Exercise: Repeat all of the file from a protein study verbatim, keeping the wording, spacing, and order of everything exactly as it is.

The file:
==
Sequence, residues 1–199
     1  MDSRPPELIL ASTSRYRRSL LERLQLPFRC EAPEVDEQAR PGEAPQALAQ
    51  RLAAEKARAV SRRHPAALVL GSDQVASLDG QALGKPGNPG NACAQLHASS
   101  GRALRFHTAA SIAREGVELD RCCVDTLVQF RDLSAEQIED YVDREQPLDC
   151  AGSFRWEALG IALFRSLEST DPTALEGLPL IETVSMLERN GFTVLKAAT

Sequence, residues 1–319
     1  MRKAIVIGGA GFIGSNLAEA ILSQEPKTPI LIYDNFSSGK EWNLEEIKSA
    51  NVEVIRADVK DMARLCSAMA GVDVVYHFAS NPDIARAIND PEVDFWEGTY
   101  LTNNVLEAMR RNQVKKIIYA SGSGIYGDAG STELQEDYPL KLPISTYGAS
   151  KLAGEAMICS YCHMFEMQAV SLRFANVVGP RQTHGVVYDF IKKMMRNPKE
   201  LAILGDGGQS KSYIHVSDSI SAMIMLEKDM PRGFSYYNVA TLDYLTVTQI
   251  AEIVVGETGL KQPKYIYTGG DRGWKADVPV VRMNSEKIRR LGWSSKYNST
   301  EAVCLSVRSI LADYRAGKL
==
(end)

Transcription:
Sequence, residues 1–199
     1  MDSRPPELIL ASTSRYRRSL LERLQLPFRC EAPEVDEQAR PGEAPQALAQ
    51  RLAAEKARAV SRRHPAALVL GSDQVASLDG QALGKPGNPG NACAQLHASS
   101  GRALRFHTAA SIAREGVELD RCCVDTLVQF RDLSAEQIED YVDREQPLDC
   151  AGSFRWEALG IALFRSLEST DPTALEGLPL IETVSMLERN GFTVLKAAT

Sequence, residues 1–319
     1  MRKAIVIGGA GFIGSNLAEA ILSQEPKTPI LIYDNFSSGK EWNLEEIKSA
    51  NVEVIRADVK DMARLCSAMA GVDVVYHFAS NPDIARAIND PEVDFWEGTY
   101  LTNNVLEAMR RNQVKKIIYA SGSGIYGDAG STELQEDYPL KLPISTYGAS
   151  KLAGEAMICS YCHMFEMQAV SLRFANVVGP RQTHGVVYDF IKKMMRNPKE
   201  LAILGDGGQS KSYIHVSDSI SAMIMLEKDM PRGFSYYNVA TLDYLTVTQI
   251  AEIVVGETGL KQPKYIYTGG DRGWKADVPV VRMNSEKIRR LGWSSKYNST
   301  EAVCLSVRSI LADYRAGKL